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Using GitHub's API to search for code references across multiple organizations

martzcodes profile image Matt Martz ・5 min read

Background

As part of a modernization project we're trying to split up our ~900 table MySQL database into much fewer DynamoDB tables. In order to evaluate this, we need to analyze the impact to our code. Easy enough, right? Well... we have two GitHub organizations with a combined 800 repos to look through.

To help with this, I wrote a script to do code searches with GitHub's v3 API.

shock

The v4 GraphQL API doesn't support code search as of this writing.

Pre-reqs

You'll need a personal access token with Read access defined in your environment variables under GITHUB_CREDENTIALS_PSW.

I have Node version v12.13.1 installed.

Example code is here:

There are only 3 dependencies installed into the project... Node types, typescript and axios.

A search.json file also needs to be created. The JSON object includes a list of code strings to search for and the GitHub organizations to search through.

In the example I just did a basic search for password across a couple larger organizations... don't read into that... I just knew it'd be a common thing mentioned in at least one place.

In my actual use case the list of code strings I used were the table names. For 32 tables x 2 organizations this will be 64 API calls (which is over the authenticated user's rate limit of 30 / minute... more on that later.

The Script

The script is fairly straight-forward. First I do the imports and initialize the reporting object.

const fs = require("fs");
const axios = require("axios");
const searchData = require("./search.json");

// personal access token stored in env
const githubReadApiKey = process.env.GITHUB_CREDENTIALS_PSW;

const findings: any = {
  repos: {},
  code: {},
};

Then I have some helper functions... this simply makes setTimeout a Promise so I can use it asynchronously later.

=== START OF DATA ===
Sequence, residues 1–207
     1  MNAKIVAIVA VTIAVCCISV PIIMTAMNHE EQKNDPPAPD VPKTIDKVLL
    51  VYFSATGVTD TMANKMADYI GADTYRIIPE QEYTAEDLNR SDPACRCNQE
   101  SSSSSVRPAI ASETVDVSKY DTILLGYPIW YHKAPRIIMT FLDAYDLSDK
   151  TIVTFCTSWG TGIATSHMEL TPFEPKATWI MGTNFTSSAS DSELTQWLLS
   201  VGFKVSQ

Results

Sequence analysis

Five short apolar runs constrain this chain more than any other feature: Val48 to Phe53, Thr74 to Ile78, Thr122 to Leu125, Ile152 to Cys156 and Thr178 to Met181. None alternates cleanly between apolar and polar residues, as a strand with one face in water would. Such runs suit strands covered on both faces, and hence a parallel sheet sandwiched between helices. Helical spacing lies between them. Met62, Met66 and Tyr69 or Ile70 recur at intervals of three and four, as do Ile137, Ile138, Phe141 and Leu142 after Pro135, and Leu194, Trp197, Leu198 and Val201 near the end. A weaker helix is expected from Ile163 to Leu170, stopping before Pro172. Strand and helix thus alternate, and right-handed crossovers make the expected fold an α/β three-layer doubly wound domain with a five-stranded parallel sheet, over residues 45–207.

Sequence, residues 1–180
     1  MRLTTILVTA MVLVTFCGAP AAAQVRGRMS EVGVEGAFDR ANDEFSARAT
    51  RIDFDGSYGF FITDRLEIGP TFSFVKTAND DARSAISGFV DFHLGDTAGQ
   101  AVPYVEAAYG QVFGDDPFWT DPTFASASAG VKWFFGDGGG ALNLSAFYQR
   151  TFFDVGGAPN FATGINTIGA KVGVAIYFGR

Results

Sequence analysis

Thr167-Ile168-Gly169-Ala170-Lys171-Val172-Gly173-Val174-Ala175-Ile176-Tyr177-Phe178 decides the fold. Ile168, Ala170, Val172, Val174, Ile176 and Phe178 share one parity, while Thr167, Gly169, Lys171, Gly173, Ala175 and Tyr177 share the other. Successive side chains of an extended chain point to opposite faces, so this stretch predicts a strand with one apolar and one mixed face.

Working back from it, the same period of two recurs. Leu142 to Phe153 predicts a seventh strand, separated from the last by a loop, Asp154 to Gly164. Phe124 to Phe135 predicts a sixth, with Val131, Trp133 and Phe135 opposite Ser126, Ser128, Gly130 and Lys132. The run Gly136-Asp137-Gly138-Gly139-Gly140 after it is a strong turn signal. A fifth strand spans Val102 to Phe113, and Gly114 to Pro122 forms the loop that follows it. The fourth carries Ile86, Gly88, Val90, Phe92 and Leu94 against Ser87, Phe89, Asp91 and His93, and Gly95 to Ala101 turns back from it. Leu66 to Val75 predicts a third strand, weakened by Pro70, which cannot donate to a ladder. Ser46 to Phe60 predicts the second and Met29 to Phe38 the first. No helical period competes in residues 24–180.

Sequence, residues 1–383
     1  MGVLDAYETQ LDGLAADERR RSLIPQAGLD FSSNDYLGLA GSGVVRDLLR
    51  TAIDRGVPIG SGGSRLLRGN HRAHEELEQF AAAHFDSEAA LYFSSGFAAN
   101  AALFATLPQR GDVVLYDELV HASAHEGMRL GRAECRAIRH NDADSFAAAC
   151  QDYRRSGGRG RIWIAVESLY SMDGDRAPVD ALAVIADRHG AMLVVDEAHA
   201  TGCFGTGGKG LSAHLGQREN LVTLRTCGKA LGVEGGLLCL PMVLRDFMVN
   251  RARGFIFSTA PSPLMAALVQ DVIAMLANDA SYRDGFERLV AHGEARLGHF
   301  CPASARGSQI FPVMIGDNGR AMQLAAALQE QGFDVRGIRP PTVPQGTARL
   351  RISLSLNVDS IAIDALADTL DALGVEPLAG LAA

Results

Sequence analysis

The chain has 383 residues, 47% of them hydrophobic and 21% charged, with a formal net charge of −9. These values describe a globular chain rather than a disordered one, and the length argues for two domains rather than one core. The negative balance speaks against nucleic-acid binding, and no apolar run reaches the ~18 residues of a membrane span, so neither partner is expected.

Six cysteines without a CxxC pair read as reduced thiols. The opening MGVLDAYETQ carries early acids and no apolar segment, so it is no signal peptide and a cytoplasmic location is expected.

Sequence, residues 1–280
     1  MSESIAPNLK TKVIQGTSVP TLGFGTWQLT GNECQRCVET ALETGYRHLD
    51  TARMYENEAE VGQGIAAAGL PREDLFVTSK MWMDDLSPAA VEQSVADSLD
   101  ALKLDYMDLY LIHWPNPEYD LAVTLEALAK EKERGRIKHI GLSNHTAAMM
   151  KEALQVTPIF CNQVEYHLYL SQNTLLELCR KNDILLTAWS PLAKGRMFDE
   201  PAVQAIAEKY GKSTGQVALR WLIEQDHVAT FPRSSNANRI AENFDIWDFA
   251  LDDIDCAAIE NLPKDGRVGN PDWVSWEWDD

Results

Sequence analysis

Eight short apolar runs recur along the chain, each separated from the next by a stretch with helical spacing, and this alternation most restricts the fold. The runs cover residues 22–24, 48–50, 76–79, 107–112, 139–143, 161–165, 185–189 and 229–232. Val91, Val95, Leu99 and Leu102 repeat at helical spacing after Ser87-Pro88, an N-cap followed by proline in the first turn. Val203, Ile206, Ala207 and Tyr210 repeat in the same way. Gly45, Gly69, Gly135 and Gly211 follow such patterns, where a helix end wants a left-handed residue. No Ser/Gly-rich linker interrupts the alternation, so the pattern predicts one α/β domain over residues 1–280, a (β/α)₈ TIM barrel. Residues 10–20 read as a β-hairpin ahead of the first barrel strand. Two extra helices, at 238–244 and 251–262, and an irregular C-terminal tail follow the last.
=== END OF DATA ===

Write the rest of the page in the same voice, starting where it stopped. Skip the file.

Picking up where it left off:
async function sleep(ms: number) {
  return new Promise((resolve) => setTimeout(resolve, ms));
}

This getRateLimit function isn't specifically used but is useful for testing. Authenticated API calls are allowed to make 30 searches per minute... BUT it turns out GitHub also does abuse detection.

async function getRateLimit() {
  return axios.get("https://api.github.com/rate_limit", {
    headers: {
      Authorization: `token ${githubReadApiKey}`,
    },
  });
}

The searchCode function is the main API call that does the searching. I had to build in some multiple-attempt / wait code due to GitHub responding with You have triggered an abuse detection mechanism. Please wait a few minutes before you try again. on occasion (even when under the API rate limit for searching). Fortunately their docs include a way around this: https://developer.github.com/v3/guides/best-practices-for-integrators/#dealing-with-abuse-rate-limits

denied

Me to GitHub

The response includes a retry-after header... which the script detects and waits for that time (typically a minute) + 1 second.

async function searchCode(codeStr: string, org?: string): Promise<SearchResults | null> {
  const orgStr = org ? `+org:${org}` : "";
  const attempts = 2;
  for (let attempt = 0; attempt < attempts; attempt++) {
    try {
      const res = await axios
        .get(
          `https://api.github.com/search/code?q=${encodeURIComponent(
            codeStr
          )}${orgStr}&per_page=100`,
          {
            validateStatus: function () {
              return true;
            },
            headers: {
              Authorization: `token ${githubReadApiKey}`,
            },
          }
        )
        .catch((e: Error) => {
          console.error(e);
        });
      if (res.status > 200) {
        console.log(res.data.message);
        const retryAfter = parseInt(res.headers["retry-after"]);
        console.log(
          `Sleeping for ${retryAfter + 1} seconds before trying again...`
        );
        await sleep((retryAfter + 1) * 1000);
      } else {
        return res.data;
      }
    } catch (e) {
      console.error(e);
    }
  }
  // shouldn't get here...
  return Promise.resolve(null);
}

The results are then split up into what I think are useful metrics...

async function processResults(results: any, codeStr: string, org?: string) {